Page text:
We bought ice cream from the guest house (which also has its own cake shop) and meandered down to the sea front and pier. Before we had walked far we found ourself on a boat tour of the headland that was due to set off any minute! (It had seemed a good thing to go for so we jumped on!) The trip was great fun, although Ruth had to practise some deep breathing exercises to cancel the motion sickness coming from waves that were larger than anticipated!
It seemed that we had picked the party boat, as the whole time heavy beats and dance music blared out of the speakers at a volume only rivalled by Loughborough fair! Having said this, around the town we had seen posters of a young Turkish pop/rock star in all of the shop windows, and on the boat trip we saw a statue of this man on the shore too. Before getting off the boat, we noticed a large poster advertising the BarÄ±ÅŸ Akarsu memorial concerts this weekend, and we hazarded a guess that this young man must have been something of a local hero being celebrated the very days we were there.
We later looked online and found that, indeed, he had been a promising young star from Amasra who had also campaigned for various charities. But he had tragically died after complications following a serious car crash on the way to his birthday party with friends, after singing at a charity concert. A really horrid tale, but one that a whole town comes together to commemorate each year.
Crying Trees and Uncle Mehmet
After the boat trip Mark went to get the car and Ruth annoyed a few drivers by standing and holding the only free space (luckily just coming available at the right time) in the coastal road car park. We took our stuff to the guest house and then trekked up to the castle. To get there we walked via the first fortified part of the headland and two old churches, before walking across an ancient Roman bridge and through a heavy set archway to the second, island like part of the headland at the tip of the town. At the top of this piece of land was the AÄŸlayan aÄŸacÄ± (Crying Tree) tea garden, and we passed through this and hiked right to the top of the hill, next to the tiny lighthouse, for a brilliant view of ‘Rabbit Island’ and Amasra.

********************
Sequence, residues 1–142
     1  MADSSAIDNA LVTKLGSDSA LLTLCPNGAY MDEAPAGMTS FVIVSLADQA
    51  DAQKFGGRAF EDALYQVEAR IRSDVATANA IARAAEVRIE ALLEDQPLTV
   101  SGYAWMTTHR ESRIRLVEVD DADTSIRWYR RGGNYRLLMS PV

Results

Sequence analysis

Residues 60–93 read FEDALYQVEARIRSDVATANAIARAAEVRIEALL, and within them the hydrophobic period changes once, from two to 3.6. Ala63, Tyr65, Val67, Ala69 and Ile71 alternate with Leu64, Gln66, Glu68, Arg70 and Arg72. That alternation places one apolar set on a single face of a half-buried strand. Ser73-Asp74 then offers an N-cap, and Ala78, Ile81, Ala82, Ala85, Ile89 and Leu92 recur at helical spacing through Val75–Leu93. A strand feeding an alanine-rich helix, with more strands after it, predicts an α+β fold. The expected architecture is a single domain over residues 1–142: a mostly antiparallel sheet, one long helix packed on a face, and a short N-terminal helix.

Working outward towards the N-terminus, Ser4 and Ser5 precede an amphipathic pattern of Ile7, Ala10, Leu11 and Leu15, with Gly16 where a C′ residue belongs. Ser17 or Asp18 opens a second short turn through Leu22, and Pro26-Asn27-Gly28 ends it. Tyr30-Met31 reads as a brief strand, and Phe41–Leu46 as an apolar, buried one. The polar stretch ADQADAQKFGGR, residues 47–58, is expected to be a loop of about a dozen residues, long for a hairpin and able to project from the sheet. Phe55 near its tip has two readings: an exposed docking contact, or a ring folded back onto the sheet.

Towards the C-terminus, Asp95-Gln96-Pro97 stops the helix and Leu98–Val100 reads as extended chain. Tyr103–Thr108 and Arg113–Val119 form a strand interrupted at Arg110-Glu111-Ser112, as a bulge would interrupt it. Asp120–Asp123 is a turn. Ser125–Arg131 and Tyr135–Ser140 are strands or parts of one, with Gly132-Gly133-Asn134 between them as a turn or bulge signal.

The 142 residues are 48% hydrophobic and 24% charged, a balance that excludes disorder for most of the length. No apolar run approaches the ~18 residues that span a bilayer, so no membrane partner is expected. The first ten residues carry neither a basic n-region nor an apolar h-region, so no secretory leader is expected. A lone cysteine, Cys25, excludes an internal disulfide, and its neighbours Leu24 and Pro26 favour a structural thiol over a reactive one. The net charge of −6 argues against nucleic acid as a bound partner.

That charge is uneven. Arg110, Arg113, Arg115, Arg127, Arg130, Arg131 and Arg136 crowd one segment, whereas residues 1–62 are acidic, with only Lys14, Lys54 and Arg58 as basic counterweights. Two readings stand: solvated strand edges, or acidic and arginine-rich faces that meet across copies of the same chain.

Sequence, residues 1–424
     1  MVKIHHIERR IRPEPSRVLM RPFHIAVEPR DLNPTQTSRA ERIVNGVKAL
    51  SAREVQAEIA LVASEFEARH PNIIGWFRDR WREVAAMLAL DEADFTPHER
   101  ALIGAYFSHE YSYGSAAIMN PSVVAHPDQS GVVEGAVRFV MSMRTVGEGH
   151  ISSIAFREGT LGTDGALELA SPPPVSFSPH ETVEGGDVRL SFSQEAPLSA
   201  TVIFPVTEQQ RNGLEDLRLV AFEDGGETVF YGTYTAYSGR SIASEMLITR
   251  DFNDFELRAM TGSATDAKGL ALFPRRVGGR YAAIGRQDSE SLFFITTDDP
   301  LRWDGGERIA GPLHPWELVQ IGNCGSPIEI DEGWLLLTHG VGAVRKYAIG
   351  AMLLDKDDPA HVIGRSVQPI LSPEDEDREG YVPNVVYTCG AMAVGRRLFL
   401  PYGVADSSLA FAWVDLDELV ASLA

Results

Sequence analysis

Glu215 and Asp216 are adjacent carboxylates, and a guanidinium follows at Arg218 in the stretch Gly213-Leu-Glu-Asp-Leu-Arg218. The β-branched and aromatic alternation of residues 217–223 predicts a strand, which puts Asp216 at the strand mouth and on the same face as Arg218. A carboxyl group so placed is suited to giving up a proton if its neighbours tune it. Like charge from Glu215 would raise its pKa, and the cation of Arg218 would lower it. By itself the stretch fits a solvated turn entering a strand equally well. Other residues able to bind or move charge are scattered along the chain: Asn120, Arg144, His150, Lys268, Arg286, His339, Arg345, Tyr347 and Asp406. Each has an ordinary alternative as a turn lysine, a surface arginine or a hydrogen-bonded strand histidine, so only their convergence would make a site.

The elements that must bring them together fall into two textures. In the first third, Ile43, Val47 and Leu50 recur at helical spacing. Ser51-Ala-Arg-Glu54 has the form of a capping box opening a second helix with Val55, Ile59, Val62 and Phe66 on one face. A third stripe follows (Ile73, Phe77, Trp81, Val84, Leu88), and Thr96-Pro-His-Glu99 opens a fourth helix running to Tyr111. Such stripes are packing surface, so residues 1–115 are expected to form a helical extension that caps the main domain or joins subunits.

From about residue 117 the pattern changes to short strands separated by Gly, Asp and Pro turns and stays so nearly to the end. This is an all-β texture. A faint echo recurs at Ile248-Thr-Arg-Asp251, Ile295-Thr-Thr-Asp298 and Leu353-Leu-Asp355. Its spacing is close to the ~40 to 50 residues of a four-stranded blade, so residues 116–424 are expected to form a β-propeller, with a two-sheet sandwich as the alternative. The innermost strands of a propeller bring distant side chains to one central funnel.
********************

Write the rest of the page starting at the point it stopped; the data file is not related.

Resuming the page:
We then walked back down to Mehmet AmcanÄ±n Yeri (Uncle Mehmet’s Place) for dinner. This was obviously an up market place (we felt quite underdressed) and they served us a truly posh salad, before buttered prawns and small battered fish (mezgit and barbunya). Yum! We were really stuffed and weren’t going to eat pudding, but the waiter brought us a yoghurt and honey dessert, topped with little nut pieces which we seemed to polish off without too much trouble!
Feeling stuffed we wandered home before heading out to one of the memorial concerts. The security was tight and everyone had to pass through a police check to enter the concert zone. But it was a free event, so it was worth the trouble. That night it was a singer called Ali Altay, and it was good fun to be a part of the crowd, even though we didn’t know any of the songs! He sang one called ‘Islak Islak’ (lit. ‘Wet Wet’ â€“ but probably with greater metaphorical significance..) that we believe was BarÄ±ÅŸ Akarsu’s first single, and then got us all shouting ‘Ã§ok Ã§ok’ and ‘yok yok’ (equivalent to ‘a lot, a lot’ and ‘not, not’ in English) at the appropriate moments in the chorus of the next song. In fact, this evening led to one of the most hilarious moments of the holiday…
All evening Ali Altay had been shouting â€œAre you ready?â€ Of course, everyone yells back, â€œEVET!â€ (‘YES!’) However, once, and only once, he changed this to have more political significance. In the next town, the government want to build a big power station, and the Amasya population is campaigning against it being built. So, Ali, without warning, and in exactly the same tone as before shouted, â€œDo you want the power station in the next town?â€ And, suffice to say that Mark was the only person to shout â€œEVET!â€
After a few songs we came back and watched some Ghana and Uruguay before bed.